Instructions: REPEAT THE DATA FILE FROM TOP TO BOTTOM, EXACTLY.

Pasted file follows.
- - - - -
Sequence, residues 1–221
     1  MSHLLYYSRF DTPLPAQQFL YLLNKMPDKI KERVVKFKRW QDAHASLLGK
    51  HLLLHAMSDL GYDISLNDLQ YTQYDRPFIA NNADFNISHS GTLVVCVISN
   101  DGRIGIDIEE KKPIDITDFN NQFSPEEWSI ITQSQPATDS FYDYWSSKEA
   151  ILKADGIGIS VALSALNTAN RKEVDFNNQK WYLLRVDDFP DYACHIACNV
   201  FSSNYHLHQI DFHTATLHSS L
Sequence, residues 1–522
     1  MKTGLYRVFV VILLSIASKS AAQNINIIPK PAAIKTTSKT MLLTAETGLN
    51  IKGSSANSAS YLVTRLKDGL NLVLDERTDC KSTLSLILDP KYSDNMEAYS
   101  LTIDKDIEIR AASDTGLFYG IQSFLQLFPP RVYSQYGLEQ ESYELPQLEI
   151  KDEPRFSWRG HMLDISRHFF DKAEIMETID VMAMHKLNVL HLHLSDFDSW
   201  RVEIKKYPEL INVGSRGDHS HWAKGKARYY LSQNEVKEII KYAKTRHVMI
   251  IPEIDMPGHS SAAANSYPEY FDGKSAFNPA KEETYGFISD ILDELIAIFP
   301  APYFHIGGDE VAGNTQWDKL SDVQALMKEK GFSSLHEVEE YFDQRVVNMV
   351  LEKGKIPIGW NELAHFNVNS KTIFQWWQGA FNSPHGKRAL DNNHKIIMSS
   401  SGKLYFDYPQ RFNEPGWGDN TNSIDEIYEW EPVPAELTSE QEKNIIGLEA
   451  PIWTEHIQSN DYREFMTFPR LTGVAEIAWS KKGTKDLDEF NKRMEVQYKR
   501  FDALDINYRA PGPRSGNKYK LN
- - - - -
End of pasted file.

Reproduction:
Sequence, residues 1–221
     1  MSHLLYYSRF DTPLPAQQFL YLLNKMPDKI KERVVKFKRW QDAHASLLGK
    51  HLLLHAMSDL GYDISLNDLQ YTQYDRPFIA NNADFNISHS GTLVVCVISN
   101  DGRIGIDIEE KKPIDITDFN NQFSPEEWSI ITQSQPATDS FYDYWSSKEA
   151  ILKADGIGIS VALSALNTAN RKEVDFNNQK WYLLRVDDFP DYACHIACNV
   201  FSSNYHLHQI DFHTATLHSS L
Sequence, residues 1–522
     1  MKTGLYRVFV VILLSIASKS AAQNINIIPK PAAIKTTSKT MLLTAETGLN
    51  IKGSSANSAS YLVTRLKDGL NLVLDERTDC KSTLSLILDP KYSDNMEAYS
   101  LTIDKDIEIR AASDTGLFYG IQSFLQLFPP RVYSQYGLEQ ESYELPQLEI
   151  KDEPRFSWRG HMLDISRHFF DKAEIMETID VMAMHKLNVL HLHLSDFDSW
   201  RVEIKKYPEL INVGSRGDHS HWAKGKARYY LSQNEVKEII KYAKTRHVMI
   251  IPEIDMPGHS SAAANSYPEY FDGKSAFNPA KEETYGFISD ILDELIAIFP
   301  APYFHIGGDE VAGNTQWDKL SDVQALMKEK GFSSLHEVEE YFDQRVVNMV
   351  LEKGKIPIGW NELAHFNVNS KTIFQWWQGA FNSPHGKRAL DNNHKIIMSS
   401  SGKLYFDYPQ RFNEPGWGDN TNSIDEIYEW EPVPAELTSE QEKNIIGLEA
   451  PIWTEHIQSN DYREFMTFPR LTGVAEIAWS KKGTKDLDEF NKRMEVQYKR
   501  FDALDINYRA PGPRSGNKYK LN